Did Powell Toss In The Towel Or Was It A Tactical Retreat?

Overview: The Fed's dovish tone and earnings news are the main drivers of the capital markets today, helping lift stocks, bonds, and currencies.  Large equity markets in Asia, including Japan, Hong Kong, China's CSI 300, India, and Indonesia, all rose more than 1%, putting the MSCI Asia Pacific Index in a good position to extend its rally for a fourth consecutive week. European shares are higher, but the gains are not as impressive, and the leading sectors are energy and healthcare. Financials, information technology, and communication sectors are laggards. Sovereign 10-year benchmarks are mostly 2-3 basis point lower, though Japan and Australia were flat. The dollar is seeing yesterday's Fed-inspired losses extended against the major and most emerging market currencies. The euro, sterling, and the Canadian dollar are the weakest, while the yen and the Antipodean currencies are the strongest.  

Asia Pacific

Industrial output edged 0.1% lower in Japan in December, which was a smaller than expected decline. On a year-over-year basis, output in December was off 1.9%. In December 2017, it had risen by 3.2%. Japan's economy contracted by 0.6% in Q3, and although it has stabilized in Q4, it has not covered fully recovered. The Q4 18 GDP estimate is not released until toward the middle of the month. A 0.3%-0.4% increase is likely.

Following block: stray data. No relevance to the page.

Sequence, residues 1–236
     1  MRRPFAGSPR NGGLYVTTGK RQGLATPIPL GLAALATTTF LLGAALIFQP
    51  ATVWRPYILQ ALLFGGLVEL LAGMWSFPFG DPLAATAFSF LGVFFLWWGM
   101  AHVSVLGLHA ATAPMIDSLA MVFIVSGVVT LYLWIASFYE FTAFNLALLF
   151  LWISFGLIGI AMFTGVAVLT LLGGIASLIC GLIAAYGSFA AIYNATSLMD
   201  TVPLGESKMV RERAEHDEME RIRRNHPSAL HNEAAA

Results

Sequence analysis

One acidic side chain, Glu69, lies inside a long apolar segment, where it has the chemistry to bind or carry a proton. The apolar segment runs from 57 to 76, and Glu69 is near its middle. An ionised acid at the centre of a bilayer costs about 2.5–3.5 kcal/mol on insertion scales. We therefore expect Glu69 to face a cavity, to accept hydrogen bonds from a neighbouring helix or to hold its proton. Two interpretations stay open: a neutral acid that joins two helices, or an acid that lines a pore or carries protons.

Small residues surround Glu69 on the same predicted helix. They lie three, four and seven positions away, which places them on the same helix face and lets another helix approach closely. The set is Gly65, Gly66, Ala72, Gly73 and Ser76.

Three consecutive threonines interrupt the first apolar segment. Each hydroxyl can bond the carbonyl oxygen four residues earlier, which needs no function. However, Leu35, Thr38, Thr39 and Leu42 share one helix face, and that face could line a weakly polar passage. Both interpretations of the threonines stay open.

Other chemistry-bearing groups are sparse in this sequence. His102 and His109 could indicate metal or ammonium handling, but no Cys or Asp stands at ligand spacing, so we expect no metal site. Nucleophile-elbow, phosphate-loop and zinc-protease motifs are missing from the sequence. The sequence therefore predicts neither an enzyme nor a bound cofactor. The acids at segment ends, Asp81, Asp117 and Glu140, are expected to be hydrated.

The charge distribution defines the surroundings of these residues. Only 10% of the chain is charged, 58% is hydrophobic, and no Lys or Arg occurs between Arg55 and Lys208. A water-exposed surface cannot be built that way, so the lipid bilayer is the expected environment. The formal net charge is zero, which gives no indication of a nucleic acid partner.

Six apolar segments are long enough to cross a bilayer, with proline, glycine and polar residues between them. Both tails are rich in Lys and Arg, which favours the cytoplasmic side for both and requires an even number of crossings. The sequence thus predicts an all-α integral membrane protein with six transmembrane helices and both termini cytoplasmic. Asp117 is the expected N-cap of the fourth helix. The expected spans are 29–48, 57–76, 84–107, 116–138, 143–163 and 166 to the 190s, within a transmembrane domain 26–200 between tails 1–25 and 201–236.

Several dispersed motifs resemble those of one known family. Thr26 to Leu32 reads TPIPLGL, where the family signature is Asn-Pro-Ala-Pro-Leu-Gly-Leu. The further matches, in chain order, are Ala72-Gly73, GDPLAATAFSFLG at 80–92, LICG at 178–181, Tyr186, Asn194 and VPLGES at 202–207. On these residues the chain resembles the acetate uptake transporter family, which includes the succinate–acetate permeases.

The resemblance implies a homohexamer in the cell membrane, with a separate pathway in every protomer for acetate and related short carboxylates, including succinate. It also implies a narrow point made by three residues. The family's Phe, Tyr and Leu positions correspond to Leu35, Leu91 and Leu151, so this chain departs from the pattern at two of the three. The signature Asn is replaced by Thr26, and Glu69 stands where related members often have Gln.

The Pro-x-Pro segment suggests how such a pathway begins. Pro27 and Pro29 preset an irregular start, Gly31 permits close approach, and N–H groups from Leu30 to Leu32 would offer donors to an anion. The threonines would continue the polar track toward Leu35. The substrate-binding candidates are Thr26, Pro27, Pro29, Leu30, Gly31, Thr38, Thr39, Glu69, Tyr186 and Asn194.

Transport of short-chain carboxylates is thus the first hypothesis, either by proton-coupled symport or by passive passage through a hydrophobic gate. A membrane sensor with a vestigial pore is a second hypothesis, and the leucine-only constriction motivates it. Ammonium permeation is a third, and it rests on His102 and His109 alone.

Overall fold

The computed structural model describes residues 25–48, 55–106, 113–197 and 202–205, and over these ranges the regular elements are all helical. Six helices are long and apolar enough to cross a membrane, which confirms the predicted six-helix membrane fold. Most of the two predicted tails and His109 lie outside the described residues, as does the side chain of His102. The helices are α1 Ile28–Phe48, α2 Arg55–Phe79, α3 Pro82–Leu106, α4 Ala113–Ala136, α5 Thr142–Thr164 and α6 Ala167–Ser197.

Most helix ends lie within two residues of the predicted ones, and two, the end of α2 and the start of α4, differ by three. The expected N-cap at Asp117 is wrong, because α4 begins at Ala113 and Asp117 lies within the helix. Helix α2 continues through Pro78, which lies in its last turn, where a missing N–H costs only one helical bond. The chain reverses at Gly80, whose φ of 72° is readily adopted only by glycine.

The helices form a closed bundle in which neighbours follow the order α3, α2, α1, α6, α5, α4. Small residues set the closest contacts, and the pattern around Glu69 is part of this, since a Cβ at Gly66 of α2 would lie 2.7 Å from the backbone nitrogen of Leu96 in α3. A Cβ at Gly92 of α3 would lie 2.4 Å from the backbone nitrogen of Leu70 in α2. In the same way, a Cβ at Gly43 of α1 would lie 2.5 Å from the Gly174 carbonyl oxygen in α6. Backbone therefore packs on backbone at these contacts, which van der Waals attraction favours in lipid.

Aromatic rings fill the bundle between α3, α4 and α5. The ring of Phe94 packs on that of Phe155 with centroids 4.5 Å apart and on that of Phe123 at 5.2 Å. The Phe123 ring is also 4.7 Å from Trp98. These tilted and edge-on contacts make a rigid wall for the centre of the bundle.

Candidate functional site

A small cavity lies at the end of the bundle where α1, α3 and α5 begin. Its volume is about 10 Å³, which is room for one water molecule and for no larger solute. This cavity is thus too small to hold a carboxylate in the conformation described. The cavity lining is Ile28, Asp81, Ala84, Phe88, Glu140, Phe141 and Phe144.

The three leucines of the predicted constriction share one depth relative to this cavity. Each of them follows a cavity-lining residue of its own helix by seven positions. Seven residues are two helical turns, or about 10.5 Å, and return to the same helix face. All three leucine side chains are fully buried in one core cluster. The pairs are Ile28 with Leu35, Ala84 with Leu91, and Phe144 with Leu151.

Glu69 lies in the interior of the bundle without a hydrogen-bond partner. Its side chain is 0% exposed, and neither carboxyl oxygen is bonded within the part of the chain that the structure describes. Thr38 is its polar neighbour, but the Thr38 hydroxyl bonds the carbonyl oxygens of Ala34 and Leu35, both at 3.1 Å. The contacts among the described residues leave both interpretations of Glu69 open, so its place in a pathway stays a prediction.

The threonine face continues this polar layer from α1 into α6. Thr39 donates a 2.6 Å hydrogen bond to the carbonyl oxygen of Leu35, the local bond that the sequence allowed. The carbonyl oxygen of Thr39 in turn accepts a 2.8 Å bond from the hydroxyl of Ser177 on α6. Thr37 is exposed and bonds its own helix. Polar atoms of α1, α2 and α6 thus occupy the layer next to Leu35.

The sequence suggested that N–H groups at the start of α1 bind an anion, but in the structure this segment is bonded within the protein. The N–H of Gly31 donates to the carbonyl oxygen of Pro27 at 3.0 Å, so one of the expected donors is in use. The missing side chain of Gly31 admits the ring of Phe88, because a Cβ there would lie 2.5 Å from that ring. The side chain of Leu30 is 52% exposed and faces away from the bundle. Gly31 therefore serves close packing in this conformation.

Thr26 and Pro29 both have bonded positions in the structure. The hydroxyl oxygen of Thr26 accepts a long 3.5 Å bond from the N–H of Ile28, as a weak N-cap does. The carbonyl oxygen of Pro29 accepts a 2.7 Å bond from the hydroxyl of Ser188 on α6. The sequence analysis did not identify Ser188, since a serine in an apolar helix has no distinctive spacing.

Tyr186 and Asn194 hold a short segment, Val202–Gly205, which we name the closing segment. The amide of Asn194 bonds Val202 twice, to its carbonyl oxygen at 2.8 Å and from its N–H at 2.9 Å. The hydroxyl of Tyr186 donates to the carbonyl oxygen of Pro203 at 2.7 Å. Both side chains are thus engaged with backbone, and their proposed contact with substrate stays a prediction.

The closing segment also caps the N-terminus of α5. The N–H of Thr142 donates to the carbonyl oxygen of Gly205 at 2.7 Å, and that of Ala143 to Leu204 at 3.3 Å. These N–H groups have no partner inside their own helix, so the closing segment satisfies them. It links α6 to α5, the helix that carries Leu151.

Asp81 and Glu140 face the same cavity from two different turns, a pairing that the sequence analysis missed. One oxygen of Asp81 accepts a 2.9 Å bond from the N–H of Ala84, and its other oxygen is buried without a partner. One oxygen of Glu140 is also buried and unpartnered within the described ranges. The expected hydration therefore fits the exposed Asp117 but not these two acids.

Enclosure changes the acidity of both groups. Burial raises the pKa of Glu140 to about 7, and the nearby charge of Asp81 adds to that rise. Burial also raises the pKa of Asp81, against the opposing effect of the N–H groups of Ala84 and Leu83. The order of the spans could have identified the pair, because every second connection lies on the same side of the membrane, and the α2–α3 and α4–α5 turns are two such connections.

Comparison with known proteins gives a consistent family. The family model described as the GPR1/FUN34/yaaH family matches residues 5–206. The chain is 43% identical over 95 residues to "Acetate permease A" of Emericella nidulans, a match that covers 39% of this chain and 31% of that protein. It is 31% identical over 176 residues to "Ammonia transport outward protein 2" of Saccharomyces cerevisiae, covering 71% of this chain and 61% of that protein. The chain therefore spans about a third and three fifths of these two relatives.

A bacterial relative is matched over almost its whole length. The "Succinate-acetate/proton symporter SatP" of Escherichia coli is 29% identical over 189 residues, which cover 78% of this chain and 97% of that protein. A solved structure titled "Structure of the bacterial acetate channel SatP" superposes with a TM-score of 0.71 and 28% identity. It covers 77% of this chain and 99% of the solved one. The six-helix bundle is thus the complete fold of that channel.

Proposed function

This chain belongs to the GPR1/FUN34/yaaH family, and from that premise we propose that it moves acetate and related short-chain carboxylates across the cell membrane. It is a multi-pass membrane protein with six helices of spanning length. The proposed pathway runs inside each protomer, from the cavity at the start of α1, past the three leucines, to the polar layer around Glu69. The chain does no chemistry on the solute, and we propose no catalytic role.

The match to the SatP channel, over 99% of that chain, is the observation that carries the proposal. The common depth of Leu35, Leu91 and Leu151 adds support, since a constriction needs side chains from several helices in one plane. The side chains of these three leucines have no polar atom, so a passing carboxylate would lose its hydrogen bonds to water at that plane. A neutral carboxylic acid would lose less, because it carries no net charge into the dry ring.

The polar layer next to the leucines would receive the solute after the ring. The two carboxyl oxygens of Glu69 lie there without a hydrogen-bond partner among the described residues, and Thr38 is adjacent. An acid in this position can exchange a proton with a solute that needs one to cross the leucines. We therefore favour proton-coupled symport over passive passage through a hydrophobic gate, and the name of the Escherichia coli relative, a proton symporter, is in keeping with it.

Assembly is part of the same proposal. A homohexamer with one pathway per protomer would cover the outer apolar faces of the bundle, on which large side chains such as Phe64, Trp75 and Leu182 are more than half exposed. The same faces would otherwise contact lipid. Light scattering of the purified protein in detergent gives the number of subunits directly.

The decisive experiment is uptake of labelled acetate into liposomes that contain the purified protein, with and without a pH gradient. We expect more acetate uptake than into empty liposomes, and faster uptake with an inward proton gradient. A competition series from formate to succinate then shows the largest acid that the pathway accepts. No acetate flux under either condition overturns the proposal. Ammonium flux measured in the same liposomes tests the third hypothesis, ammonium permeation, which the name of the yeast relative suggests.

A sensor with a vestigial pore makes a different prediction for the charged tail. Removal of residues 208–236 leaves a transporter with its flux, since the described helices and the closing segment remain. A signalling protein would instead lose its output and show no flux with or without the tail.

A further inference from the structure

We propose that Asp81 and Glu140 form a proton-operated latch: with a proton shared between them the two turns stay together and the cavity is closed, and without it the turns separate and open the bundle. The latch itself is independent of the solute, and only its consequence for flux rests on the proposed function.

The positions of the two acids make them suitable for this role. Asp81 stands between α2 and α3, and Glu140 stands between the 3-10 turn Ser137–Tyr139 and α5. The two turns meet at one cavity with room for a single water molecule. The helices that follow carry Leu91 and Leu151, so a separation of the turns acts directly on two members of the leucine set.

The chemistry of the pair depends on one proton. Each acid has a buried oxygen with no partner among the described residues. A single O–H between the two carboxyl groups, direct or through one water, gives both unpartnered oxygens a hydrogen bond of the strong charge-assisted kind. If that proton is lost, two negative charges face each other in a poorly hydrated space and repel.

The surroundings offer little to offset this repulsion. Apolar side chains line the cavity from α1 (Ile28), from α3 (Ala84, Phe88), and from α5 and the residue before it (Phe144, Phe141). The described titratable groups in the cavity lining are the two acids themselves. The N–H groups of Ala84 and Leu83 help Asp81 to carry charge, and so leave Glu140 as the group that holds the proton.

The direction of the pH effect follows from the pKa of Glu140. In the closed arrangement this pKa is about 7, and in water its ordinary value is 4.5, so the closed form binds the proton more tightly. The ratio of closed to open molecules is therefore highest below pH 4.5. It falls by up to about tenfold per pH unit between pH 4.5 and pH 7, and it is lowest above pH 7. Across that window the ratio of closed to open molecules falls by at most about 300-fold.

China's official PMIs did a little better than expected. The manufacturing PMI ticked up to 49.5 from 49.4, though many forecast another decline.  It was helped by output and raw materials, while the decline in export orders slowed.  The non-manufacturing PMI rose to 54.7 from 53.8 to stand at a four-month high. The rise in services offset the weaker construction reading. Tomorrow the Caixin PMIs will be reported. Caixin's survey covers smaller and more private sector enterprises than the official measure.  

Australia reported favorable terms of trade developments in Q4, but slower private credit expansion in December. In Q4 18, import prices rose 0.5%, while export price rose 4.4%. It is a key factor behind Australia's improved trade balance, where the six-month average surplus is near record levels. On the other hand, private credit growth slowed to 0.2% in December, putting the year-over-year pace at 4.3%, the slowest in four years.  

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Read more by Marc on his site Marc to Market.

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